# Ultrasonic heterodyning

1. Sep 28, 2013

### beatfrequency

Please help me understand what is wrong with my thinking. I have two high frequency sources into an oscilloscope with one source a few hertz difference. I have a spectrum analyzer and expected a low frequency signal due to the beat frequency of the sources. What is going wrong? I'm confused.

This is from EM voltages.

But I have a related question. Why can the human ear hear audio ranges from two ultrasonic heterodyned sources? Isn't that just a beat frequency in the audio range. Why do I not see the same principle on my spectrum analyzer? Do the ear create some kind of diode effect?

2. Sep 28, 2013

### rude man

This is a very good question. Some time ago a writer wrote a paper in IEEE Spectrum confusing addition with mixing. I pointed the error out but this guy stuck to his guns. It was quite an amusing exchange of published letters.

What you did by applying the two signals to the spectrum analyzer was to add two signals: cos(w1t) + cos(w2t). There are no sum & difference frequencies produced by this process. There is just w1 and w2.

A mixing process on the other hand is essentially multiplicative: cos(w1t)*cos(w2t) which by simple trig gives you a signal at (w1 + w2) and another at (w1 - w2). Mixers usually are not simple multipliers so you also get other output frequencies but you will always get the sum & difference frequencies. All mixing is based on a nonlinear process. Addition is of course linear.

The human ear may have some nonlinearity which would yield a small difference frequency, like the "diode" effect you suggested. I believe on a healthy ear it's extremely small.

Two tuning forks detuned a few Hz from each other, i.e. (w1-w2)/2π give a sound that sounds lile a low-frequency signal but it's just the average of the two frequencies varying in intensity at the difference frequency. You obviously could not hear the beats from two tuning forks separated by a few Hz if your ear produced only a mixing operation (you might hear the sum but not the "beat" frequency.)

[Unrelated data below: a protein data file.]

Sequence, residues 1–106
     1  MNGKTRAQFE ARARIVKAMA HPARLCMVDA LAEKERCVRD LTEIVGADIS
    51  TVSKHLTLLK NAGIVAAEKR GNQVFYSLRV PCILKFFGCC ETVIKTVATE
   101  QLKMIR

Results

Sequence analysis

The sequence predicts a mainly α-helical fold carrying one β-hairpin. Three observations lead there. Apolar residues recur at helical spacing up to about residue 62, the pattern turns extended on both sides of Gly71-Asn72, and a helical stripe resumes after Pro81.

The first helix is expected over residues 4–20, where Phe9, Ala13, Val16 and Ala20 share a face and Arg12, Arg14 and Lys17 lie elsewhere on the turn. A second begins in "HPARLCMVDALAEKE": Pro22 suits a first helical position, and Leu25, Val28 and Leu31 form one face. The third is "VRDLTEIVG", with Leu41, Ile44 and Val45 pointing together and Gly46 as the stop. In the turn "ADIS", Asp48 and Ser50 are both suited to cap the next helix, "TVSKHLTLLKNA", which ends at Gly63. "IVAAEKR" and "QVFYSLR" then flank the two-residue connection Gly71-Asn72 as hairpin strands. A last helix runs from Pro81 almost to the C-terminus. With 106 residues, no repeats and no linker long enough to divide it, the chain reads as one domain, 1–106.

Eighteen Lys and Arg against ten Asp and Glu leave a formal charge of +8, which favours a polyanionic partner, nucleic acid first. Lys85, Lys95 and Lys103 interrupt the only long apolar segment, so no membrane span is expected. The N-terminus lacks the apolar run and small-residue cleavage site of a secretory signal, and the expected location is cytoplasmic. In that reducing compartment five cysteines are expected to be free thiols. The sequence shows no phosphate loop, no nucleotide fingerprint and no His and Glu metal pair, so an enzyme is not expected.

The beat signal for cos(w1t) + cos(w2t) = 2{cos[(w2 - w1)/2 t]}cos[(w1 + w2)/2 t].

This may look like new frequencies at w1 + w2 and w1 - w2 are produced, but by looking at the LHS of the equation there obvioulsy aren't. You can see though that it can be interpreted as a signal at w = (w1 + w2)/2 moduated in amplitude by a signal at the beat frequency (w1 - w2)/2.

The standard superhet radio on the other hand mixes the incoming signal (RF) with a local oscillator (LO) to produce a difference frequency called the intermediate frequency (IF).

Last edited: Sep 28, 2013
3. Sep 28, 2013

### beatfrequency

I have another tough question. I saw a demonstration that I cannot explain how it was accomplished. Maybe someone has an idea.

I saw a compass with nothing around it for 20 or more feet. The compass needle oscillated between magnetic north and 90 degrees from its resting state, magnetic north, at about 1/3 of a hertz indefinitely but another compass 10 feet away did not.

ELF waves are not directional so I thought somehow higher frequencies which are directional could be heterdyned into a localized magnetic field to make a directional ELF EM spotlight per say.

The scientist or magician claimed he could do this on a much larger scale and turn the Earth into an NMR and ESR machine under its own magnetic field but this device helped with the signal to noise ratio. He did not explain how he projected directional ELF waves at a distance.

Any ideas?

4. Sep 28, 2013

### beatfrequency

And I don't think you can use beam forming with ELF waves either.

5. Sep 28, 2013

### rude man

If the 1st compass oscillated "forever" then an external mag field must have been set up somehow. The 2nd compass may have had enough static friction to not repond to that field. In which case the field would not have to have been 'beamed' at the 1st compass.

I'm sure there are several other possible explanations.